My Sickness

I want to talk about ownership.

Many times you will hear three-, four-, or five-year-old kids say, “That’s my toy! That’s my house! That’s my mommy!” They are very selfish. They know they own it. They want to keep it. They don’t want to share it with anyone. No one else has any legal rights to it. It’s “theirs.”
We need to talk about ownership of sickness, illness, and disease. Many times, when I am talking to people, they will say, “my cancer,” “my tumor,” “my asthma,” “my allergies.” They have already decided, subconsciously or not, they own it. Maybe they did not make the outward decision, but they think it’s “my headache,” “my cancer,” or “my sickness.”
As for me, I don’t want to own them. They are not mine. They are straight from the pit of hell. I need to change my view of the darts of the pit of hell coming at me through sickness and disease. Instead of claiming them as mine, I need to

reject ownership and not associate them with something I own. Once you proclaim it’s yours, it becomes a part of your identity. It’s harder to stand up against it and realize it’s an outward force working against you rather than an inward force stuck to you. So, rather than saying, “my headache,” you could say, “the headache.” Rather than saying, “my cancer,” you can say, “the cancer.”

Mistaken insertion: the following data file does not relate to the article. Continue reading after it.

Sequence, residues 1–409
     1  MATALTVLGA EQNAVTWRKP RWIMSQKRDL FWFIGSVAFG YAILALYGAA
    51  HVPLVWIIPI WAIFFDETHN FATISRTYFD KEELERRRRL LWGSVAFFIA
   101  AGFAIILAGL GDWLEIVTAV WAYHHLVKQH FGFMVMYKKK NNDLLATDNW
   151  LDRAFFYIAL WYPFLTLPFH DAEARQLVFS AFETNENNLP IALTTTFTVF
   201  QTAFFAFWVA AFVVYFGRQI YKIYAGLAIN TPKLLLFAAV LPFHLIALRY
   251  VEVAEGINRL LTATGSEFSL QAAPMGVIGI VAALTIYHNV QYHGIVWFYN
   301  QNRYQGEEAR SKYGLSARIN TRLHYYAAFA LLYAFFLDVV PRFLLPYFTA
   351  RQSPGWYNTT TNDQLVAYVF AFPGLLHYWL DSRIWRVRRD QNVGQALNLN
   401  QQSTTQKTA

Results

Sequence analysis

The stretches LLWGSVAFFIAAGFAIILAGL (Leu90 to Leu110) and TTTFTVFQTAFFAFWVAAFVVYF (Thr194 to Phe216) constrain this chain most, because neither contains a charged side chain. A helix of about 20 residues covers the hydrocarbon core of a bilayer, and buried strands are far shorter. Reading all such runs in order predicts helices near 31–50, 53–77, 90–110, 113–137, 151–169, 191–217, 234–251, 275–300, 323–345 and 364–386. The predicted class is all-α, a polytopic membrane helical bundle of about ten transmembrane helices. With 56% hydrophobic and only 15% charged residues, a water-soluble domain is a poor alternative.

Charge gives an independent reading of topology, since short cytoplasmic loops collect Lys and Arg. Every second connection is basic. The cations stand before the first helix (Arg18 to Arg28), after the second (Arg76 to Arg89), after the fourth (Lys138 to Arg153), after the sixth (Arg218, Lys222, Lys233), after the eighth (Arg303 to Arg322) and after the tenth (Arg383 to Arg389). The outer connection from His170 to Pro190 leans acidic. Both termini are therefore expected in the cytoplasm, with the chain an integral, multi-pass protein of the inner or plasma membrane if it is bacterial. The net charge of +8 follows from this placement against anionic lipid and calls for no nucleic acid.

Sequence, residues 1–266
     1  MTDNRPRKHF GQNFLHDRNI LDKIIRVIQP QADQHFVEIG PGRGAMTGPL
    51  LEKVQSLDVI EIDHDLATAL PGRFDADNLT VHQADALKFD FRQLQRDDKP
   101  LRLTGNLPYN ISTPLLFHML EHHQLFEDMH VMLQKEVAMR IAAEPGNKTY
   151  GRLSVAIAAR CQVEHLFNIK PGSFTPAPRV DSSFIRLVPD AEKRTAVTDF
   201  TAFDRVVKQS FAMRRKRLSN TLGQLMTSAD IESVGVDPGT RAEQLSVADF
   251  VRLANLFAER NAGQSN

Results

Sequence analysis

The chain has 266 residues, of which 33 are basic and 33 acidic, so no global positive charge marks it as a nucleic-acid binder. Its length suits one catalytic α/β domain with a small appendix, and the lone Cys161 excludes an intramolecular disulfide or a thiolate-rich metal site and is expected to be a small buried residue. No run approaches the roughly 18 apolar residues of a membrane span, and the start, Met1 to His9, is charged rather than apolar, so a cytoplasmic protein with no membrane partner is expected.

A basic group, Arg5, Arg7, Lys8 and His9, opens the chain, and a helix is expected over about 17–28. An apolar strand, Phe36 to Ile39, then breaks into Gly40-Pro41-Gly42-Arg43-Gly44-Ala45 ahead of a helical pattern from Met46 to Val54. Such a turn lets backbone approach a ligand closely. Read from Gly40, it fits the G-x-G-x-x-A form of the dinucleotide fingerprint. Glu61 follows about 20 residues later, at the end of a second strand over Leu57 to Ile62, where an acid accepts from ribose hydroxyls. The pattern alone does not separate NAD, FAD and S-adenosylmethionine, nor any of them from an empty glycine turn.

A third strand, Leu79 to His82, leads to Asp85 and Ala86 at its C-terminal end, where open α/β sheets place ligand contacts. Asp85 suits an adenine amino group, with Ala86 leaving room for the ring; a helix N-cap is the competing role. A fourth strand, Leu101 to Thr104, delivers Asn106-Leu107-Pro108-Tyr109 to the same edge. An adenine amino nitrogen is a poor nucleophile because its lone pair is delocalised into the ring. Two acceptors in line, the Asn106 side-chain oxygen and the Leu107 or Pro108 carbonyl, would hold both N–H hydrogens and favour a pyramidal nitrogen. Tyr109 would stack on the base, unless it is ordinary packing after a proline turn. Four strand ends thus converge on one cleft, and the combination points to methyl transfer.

John 10:10 says, “The thief came to steal, kill, and destroy. I, Jesus, came to bring life and life abundantly.” We cannot take up ownership of anything that comes from the thief. Otherwise, it’s very difficult to stand in the life promise that Jesus died to give us. Once you own it, it’s hard to deal with it. But if it’s an outward force and you view it as an enemy trying to come against you, take possession, and prosper as a weapon against you, then you don’t own it. Instead you say, “No, you’re not welcome here.”  
Would you ever allow a burglar inside and say “my burglar,” “my robber,” or “my murderer”? No. I don’t own it. It’s the burglar. The thief. The stealer. I stand firm against it. I am not going to take ownership of it.
Watch yourself. Pay attention to your language and see what you have taken possession of but need to drop and change. For example, changing your usage from the pronoun “my” to the indefinite article “the.” Make it generic: the headache, the sickness, the disease.
I challenge you this week to jot down notes if you catch yourself saying those ugly things. Pray and ask God for a new revelation, a new heart, and a new tongue not to receive those things as your own.

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